To spotlight the architectural qualities of its chairs and to illustrate how their lines can assimilate into various aesthetics, Mity-Lite Inc. devised an ingenious display at Boutique Design New York. The firm displayed five different chairs, each of which sat atop a box covered with black and white photographs depicting the architectural style reflected in the design of the showcased piece. For example, the company's Ashlar chair sat atop a box featuring images of Federal-style columns, and an accompanying placard explained how the stately symmetry of the Ashlar reflects that style of architecture. The simple presentation offered a clean, clear message to passing attendees.
Traffic Light
Hoping to draw attendees into its booth space to learn more about its laser-projection systems, Lightspace Ltd. crafted a magical display at the Live Design International show in Las Vegas. Prior to the show, Lightspace secured the faux genie lamp used as an attention-getting prop when then-businessman Donald Trump opened the now-defunct Trump Taj Mahal in Atlantic City, NJ. Displayed on a 3-foot-tall pedestal, the roughly 3-by-3-foot lamp seemed to glow in a warm orange hue, courtesy of internal light projected through various cutouts in the lamp's exterior. Nearby signage informed passersby of the lamp's origin and explained that if they rubbed the lamp and dropped a business card inside it, they'd be entered into a drawing to win a Lightspace product.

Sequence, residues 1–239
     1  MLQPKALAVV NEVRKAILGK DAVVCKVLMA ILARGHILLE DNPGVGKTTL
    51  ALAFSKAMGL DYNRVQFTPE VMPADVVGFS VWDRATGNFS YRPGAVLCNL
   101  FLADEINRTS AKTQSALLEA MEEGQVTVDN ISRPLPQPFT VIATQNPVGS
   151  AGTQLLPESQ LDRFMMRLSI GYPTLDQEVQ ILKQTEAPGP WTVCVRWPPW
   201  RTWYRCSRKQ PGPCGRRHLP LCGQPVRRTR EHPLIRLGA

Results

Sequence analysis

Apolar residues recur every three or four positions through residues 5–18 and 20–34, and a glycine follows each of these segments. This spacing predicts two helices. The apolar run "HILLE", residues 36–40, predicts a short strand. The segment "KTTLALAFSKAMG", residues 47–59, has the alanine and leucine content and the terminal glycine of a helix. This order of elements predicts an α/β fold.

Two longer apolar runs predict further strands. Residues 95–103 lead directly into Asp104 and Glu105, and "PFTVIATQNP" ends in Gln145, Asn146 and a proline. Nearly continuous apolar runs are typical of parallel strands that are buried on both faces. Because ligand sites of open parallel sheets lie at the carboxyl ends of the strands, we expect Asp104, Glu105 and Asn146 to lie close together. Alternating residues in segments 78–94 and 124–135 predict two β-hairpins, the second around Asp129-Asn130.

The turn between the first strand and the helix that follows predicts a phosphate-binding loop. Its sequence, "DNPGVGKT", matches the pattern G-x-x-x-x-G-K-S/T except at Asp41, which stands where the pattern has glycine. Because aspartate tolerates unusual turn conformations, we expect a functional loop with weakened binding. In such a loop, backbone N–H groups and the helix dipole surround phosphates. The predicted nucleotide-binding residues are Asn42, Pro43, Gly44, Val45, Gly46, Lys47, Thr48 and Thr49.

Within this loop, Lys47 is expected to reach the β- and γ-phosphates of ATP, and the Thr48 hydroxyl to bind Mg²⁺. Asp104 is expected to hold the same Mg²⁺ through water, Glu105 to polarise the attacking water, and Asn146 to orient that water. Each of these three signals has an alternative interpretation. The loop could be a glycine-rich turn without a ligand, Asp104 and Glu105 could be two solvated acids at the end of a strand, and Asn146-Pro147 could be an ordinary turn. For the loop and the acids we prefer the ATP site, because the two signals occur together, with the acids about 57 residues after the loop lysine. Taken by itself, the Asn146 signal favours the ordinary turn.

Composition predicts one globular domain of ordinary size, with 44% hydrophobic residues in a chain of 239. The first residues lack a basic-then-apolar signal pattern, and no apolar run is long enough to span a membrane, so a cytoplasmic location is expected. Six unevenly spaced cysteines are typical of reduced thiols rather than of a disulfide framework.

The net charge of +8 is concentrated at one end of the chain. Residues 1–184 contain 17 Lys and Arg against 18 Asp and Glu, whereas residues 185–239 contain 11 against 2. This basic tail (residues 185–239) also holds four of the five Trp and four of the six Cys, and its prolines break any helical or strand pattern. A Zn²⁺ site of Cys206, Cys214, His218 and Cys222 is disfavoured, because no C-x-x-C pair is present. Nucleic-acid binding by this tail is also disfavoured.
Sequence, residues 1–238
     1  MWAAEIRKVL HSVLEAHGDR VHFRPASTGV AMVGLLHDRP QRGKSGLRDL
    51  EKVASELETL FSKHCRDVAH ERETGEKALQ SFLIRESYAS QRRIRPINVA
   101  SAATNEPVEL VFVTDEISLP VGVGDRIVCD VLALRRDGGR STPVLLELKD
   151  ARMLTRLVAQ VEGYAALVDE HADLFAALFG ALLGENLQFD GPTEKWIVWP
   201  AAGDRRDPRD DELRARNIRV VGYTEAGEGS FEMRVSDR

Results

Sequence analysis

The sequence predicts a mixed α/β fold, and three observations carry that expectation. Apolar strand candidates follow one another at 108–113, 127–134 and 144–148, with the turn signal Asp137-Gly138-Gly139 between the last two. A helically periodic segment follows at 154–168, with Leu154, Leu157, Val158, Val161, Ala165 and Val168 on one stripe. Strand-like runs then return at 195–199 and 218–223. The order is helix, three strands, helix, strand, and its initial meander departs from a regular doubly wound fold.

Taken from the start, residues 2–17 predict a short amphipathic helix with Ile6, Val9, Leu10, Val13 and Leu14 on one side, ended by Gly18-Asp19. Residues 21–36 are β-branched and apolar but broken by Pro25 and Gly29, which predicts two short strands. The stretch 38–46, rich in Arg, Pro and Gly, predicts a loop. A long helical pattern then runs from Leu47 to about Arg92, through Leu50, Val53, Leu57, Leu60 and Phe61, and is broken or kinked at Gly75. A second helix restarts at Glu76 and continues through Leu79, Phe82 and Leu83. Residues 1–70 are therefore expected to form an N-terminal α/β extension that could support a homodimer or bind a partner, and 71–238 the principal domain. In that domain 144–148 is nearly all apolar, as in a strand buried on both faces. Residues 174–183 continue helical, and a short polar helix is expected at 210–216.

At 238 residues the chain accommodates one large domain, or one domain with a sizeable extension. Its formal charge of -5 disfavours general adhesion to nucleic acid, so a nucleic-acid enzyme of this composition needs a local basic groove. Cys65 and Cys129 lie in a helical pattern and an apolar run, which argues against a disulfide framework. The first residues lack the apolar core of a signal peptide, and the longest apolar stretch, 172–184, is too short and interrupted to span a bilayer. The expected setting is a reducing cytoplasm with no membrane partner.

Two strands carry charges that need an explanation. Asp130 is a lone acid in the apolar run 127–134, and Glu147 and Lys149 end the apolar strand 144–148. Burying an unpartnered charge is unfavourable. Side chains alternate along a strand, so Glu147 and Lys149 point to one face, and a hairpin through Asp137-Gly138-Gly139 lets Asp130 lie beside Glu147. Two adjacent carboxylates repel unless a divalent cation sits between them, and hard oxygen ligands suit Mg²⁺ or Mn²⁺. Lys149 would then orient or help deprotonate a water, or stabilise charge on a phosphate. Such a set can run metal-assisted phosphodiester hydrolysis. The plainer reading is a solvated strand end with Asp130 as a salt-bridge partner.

Totally Tubular
When it comes to press kits, flat is forgettable. On the other hand, any lumpy, dimensional kit stands out – and tempts journalists with the possibility of free samples inside. Illustrator Janis Lillian took advantage of that truism at the Surtex show in New York by designing a tubular press kit. Wrapped inside of one of her signature prints, the mailer featured stickers on each end cap with the illustrator's URL and booth number. Inside the kit was a menagerie of samples, a pouch of candy, a branded keychain, and a tri-fold brochure featuring Lillian's past projects.
Body Check
Effective exhibit graphics attract attention, brand a space, and convey key messages. BackTrack Inc., which provides background checks, accomplished all three objectives with its graphics at the 2016 Society for Human Resource Management (SHRM) Annual Conference. A pair of large illuminated graphics featured different stock images of what appeared to be happy, smiling people, each holding his or her own sign bearing an unexpected admission, such as "There's a warrant out for my arrest." The juxtaposition of the troublesome messages and professional appearances helped to underscore the fact that you can't judge a book by its cover while reinforcing the need for BackTrack's services.
As the Shoes Turn
Despite the fact that shoes help us get around, most of the footwear displays at Magic, a fashion-industry trade show in Las Vegas, are completely static. Not so at the exhibit for G. H. Bass & Co., a subsidiary of AM Retail Group Inc. The shoe manufacturer affixed a colorful assortment of more than two dozen of its famed Weejuns loafers to a rotating disk atop a wooden drum, then placed the kinetic element right by the aisle. The unexpected movement and rainbow-like colors attracted passersby like shoe fanatics to a Jimmy Choo sale and left no doubt the company's wares are made for going places.